Home Arts-Entertainment Movies MUCH MADE OF 'THE HOURS' OF THREE WOMEN'S LIVES

MUCH MADE OF 'THE HOURS' OF THREE WOMEN'S LIVES

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March 27, 2003 – Once in a while, an American film comes along whose emotional and artistic honesty make it remarkable. "The Hours," most critics seem to agree, is such a film.
It weaves the life of one woman into the lives of two other women who are separated not only in time but in temperament.
The film is based on Michael Cunningham's Pulitzer Prize-winning novel of the same name — which, is, itself, based on Virginia Woolf's novel "Mrs. Dalloway," written in the 1920.
And the performances are equally remarkable. The reviewers are almost reverent. One says of Nicole Kidman's portrayal of the tormented Woolf (for which she just won a best actress Oscar): "She all but inhales the character and breathes out a creation as rich as her unfathomable inspiration." Kidman wears a prosthetic nose to make her more closely resemble Woolf and look less like a Hollywood actress.
The story starts with Woolf as she writes the opening lines of "Mrs. Dalloway" in the country house where she and husband have moved in the hope that the quiet would help chase away her chronic depression. It doesn't.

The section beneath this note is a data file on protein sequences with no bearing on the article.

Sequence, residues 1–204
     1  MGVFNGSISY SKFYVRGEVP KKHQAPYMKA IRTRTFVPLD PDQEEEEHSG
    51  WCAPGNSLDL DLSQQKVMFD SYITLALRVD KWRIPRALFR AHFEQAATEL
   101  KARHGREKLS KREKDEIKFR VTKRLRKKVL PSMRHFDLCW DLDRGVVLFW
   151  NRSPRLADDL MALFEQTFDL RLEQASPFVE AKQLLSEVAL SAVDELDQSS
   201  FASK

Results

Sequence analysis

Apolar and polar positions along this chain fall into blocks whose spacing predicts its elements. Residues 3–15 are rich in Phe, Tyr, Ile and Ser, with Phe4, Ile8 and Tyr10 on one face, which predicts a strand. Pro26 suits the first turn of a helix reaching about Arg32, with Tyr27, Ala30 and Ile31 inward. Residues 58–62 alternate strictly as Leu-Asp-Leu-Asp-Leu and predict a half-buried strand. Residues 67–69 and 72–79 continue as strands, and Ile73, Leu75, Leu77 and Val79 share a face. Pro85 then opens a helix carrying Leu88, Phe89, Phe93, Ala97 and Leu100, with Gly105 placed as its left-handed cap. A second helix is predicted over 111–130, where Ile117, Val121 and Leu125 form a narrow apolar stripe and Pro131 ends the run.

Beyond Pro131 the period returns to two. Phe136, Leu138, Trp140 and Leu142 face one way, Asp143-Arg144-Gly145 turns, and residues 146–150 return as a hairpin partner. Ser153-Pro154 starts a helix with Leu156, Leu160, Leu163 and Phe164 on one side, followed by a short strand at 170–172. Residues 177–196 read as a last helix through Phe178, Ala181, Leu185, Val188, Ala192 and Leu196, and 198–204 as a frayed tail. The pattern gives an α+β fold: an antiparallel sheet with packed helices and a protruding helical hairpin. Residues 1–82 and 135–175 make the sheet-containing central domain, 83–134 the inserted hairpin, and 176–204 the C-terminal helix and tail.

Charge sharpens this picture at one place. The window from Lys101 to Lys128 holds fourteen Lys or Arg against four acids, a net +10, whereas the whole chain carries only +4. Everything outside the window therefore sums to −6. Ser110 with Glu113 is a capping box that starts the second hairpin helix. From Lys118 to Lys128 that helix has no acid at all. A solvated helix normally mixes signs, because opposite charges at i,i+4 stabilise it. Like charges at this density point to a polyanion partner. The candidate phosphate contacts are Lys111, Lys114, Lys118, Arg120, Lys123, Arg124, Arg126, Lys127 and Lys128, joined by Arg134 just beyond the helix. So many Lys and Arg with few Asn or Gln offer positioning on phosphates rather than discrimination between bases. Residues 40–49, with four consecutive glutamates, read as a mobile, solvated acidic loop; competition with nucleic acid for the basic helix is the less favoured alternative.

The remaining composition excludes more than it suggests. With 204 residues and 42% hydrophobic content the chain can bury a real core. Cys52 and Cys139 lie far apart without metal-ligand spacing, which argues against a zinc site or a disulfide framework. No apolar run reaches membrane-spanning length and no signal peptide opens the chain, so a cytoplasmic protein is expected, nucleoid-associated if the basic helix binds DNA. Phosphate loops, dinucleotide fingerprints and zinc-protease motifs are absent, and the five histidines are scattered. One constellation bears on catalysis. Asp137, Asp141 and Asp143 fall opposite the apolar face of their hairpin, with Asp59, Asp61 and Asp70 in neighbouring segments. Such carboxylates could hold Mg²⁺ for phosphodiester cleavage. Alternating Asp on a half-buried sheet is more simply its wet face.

The story shifts to the two other women: Laura (Julianne Moore), a young 1950s California mother trying to make a birthday cake for her husband (John C. Reilly) while struggling with discontent and guilt over her feelings, and Clarissa (Meryle Streep), a brittle 2001 New York lesbian book editor nicknamed "Mrs. Dalloway" by her gay poet friend Richard Brown (Ed Harris), who is dying of AIDS despite Clarissa's campaign to save him.
The movie takes place over a single day (as does "Mrs. Dalloway"), exploring what Margaret A. McGurk of the Cincinnati Enquirer describes as "issues of love and death, duty and meaning, hope and despair, like jewels in the sunlight, releasing hidden bolts of brilliance."
The critics also praise English playwright David Hare, who wrote the screenplay from Cunningham's complicated book, and director Stephen Daldry (of "Billy Elliot").
The 115-minute movie is rated PG-13 for mature thematic elements, language and "some disturbing" images. It is playing at Market Square East.

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